My (CV) research studies (see list of my publications) different incarnations of Machine Learning (ML), and various applications of those. My interests are found in theoretical, algorithmic and application-oriented aspects of the question: ‘What makes an ML algorithm work for a given case?’ This is a non-applied question really, but applications play a fundamental role here.
It is fair to say that ML (or data-based techniques) are evolving partly due to the ever-increasing availability of computational power. But while the availability of fast hardware is mostly regulating the latter, the limits of the former are often dictated by the availability of proper algorithms. A large class of problems do not require massive hardware resources. Properly designed algorithms are (1) theoretically sound, (2) in-tune with its intended application aim, and (3) computationally attractive. These topics are invariantly present underlying trending topics as neural networks, kernel machines, compressed sensing, deep learning, business analytics and Big Data.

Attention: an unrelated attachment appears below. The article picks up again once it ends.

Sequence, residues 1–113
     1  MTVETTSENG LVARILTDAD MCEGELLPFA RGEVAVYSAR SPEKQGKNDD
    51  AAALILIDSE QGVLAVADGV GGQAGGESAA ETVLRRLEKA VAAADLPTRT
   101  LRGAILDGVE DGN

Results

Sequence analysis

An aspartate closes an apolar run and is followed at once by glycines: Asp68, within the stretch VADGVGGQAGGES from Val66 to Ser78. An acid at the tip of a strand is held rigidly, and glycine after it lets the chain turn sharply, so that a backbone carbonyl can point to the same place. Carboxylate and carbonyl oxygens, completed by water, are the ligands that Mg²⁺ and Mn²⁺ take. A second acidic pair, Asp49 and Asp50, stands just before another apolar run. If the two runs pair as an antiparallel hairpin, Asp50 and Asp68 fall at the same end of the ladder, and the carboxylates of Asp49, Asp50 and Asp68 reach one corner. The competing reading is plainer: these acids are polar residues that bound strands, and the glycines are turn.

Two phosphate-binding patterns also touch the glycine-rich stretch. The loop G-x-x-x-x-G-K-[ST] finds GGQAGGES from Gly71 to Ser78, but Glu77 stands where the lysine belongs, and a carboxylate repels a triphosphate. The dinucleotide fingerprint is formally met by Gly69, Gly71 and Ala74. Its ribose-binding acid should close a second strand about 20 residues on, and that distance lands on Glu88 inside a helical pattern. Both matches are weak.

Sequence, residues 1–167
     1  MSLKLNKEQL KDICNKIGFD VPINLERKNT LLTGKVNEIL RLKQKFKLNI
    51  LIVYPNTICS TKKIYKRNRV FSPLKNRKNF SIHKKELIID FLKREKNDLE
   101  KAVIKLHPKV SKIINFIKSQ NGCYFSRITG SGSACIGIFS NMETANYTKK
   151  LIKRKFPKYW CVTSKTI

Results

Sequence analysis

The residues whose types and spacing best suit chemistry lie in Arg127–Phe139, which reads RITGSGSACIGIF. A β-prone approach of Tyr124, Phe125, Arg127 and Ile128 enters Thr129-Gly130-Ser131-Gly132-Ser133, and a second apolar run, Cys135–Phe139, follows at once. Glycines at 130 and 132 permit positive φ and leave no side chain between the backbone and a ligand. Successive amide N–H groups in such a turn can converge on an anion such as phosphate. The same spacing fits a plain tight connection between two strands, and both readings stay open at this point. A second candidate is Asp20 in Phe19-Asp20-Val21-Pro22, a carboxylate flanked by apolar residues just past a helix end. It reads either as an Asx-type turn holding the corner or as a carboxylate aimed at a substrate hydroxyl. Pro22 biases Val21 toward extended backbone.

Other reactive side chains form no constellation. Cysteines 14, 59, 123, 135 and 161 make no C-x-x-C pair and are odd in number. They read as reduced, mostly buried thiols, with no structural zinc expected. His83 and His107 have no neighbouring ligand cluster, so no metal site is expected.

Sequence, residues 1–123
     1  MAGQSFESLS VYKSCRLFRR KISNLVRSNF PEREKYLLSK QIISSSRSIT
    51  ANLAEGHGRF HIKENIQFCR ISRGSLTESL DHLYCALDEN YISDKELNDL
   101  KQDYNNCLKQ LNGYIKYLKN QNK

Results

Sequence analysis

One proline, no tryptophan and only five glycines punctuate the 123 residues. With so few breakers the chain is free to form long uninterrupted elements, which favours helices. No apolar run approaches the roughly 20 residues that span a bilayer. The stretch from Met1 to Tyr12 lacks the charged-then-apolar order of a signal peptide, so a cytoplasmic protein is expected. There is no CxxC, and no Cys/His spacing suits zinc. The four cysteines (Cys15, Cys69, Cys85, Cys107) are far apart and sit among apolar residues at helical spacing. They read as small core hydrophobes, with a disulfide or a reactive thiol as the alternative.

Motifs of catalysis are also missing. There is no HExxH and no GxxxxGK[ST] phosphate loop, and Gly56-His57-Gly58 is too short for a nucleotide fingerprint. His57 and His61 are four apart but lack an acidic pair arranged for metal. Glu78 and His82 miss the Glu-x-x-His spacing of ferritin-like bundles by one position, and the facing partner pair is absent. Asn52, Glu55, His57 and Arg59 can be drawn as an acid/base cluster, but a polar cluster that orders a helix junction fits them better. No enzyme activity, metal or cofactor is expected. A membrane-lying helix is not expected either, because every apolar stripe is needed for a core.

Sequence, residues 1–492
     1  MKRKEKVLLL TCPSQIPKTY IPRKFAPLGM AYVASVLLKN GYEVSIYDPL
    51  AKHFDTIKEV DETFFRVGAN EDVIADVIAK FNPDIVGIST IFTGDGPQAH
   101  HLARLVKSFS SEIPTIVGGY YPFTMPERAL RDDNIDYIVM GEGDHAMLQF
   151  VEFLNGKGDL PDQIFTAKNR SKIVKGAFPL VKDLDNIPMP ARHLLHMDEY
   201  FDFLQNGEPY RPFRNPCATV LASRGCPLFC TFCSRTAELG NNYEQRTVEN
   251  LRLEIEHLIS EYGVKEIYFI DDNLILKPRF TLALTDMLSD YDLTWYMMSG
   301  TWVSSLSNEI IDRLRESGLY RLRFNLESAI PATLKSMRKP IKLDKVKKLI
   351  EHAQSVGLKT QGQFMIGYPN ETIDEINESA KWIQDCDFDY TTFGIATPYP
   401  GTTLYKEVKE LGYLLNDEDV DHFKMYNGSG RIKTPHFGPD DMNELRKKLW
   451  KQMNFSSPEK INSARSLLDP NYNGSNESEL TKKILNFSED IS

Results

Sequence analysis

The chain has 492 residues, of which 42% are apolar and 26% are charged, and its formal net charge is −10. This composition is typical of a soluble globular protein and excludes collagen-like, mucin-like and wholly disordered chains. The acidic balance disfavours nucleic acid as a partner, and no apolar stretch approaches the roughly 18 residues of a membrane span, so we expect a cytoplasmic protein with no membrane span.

A particular focus of mine is to see how this fits within the context of dynamic systems and automatic control. The task of estimation in this context is studied under the name of system identification. It is not surprising that this branch of electrical engineering finds wide overlap with the aims as set out in the machine learning arena.
Presently, I started to look into the research question how one should design algorithms for societies sake. A pertinent and politically charged question really!